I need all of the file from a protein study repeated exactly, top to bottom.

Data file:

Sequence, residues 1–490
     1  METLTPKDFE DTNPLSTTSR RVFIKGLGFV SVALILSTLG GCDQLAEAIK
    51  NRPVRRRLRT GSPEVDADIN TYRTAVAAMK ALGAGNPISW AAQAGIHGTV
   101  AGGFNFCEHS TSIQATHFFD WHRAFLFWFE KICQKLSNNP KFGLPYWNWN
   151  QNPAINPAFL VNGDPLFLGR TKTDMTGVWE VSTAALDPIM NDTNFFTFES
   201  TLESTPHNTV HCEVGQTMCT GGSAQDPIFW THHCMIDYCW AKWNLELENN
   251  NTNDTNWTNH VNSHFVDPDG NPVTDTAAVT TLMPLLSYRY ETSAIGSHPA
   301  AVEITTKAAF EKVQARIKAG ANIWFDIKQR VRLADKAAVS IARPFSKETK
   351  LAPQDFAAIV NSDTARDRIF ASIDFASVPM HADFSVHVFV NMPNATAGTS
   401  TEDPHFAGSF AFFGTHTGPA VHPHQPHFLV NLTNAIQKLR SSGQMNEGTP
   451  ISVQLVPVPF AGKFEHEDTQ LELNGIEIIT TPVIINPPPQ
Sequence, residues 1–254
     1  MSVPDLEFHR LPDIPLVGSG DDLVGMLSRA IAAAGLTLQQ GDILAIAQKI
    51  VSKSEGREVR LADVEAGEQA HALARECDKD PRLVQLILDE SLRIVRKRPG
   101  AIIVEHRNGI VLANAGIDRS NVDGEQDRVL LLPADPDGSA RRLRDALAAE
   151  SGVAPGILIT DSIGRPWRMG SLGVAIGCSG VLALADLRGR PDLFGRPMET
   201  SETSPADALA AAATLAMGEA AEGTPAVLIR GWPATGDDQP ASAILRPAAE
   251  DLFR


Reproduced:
Sequence, residues 1–490
     1  METLTPKDFE DTNPLSTTSR RVFIKGLGFV SVALILSTLG GCDQLAEAIK
    51  NRPVRRRLRT GSPEVDADIN TYRTAVAAMK ALGAGNPISW AAQAGIHGTV
   101  AGGFNFCEHS TSIQATHFFD WHRAFLFWFE KICQKLSNNP KFGLPYWNWN
   151  QNPAINPAFL VNGDPLFLGR TKTDMTGVWE VSTAALDPIM NDTNFFTFES
   201  TLESTPHNTV HCEVGQTMCT GGSAQDPIFW THHCMIDYCW AKWNLELENN
   251  NTNDTNWTNH VNSHFVDPDG NPVTDTAAVT TLMPLLSYRY ETSAIGSHPA
   301  AVEITTKAAF EKVQARIKAG ANIWFDIKQR VRLADKAAVS IARPFSKETK
   351  LAPQDFAAIV NSDTARDRIF ASIDFASVPM HADFSVHVFV NMPNATAGTS
   401  TEDPHFAGSF AFFGTHTGPA VHPHQPHFLV NLTNAIQKLR SSGQMNEGTP
   451  ISVQLVPVPF AGKFEHEDTQ LELNGIEIIT TPVIINPPPQ
Sequence, residues 1–254
     1  MSVPDLEFHR LPDIPLVGSG DDLVGMLSRA IAAAGLTLQQ GDILAIAQKI
    51  VSKSEGREVR LADVEAGEQA HALARECDKD PRLVQLILDE SLRIVRKRPG
   101  AIIVEHRNGI VLANAGIDRS NVDGEQDRVL LLPADPDGSA RRLRDALAAE
   151  SGVAPGILIT DSIGRPWRMG SLGVAIGCSG VLALADLRGR PDLFGRPMET
   201  SETSPADALA AAATLAMGEA AEGTPAVLIR GWPATGDDQP ASAILRPAAE
   251  DLFR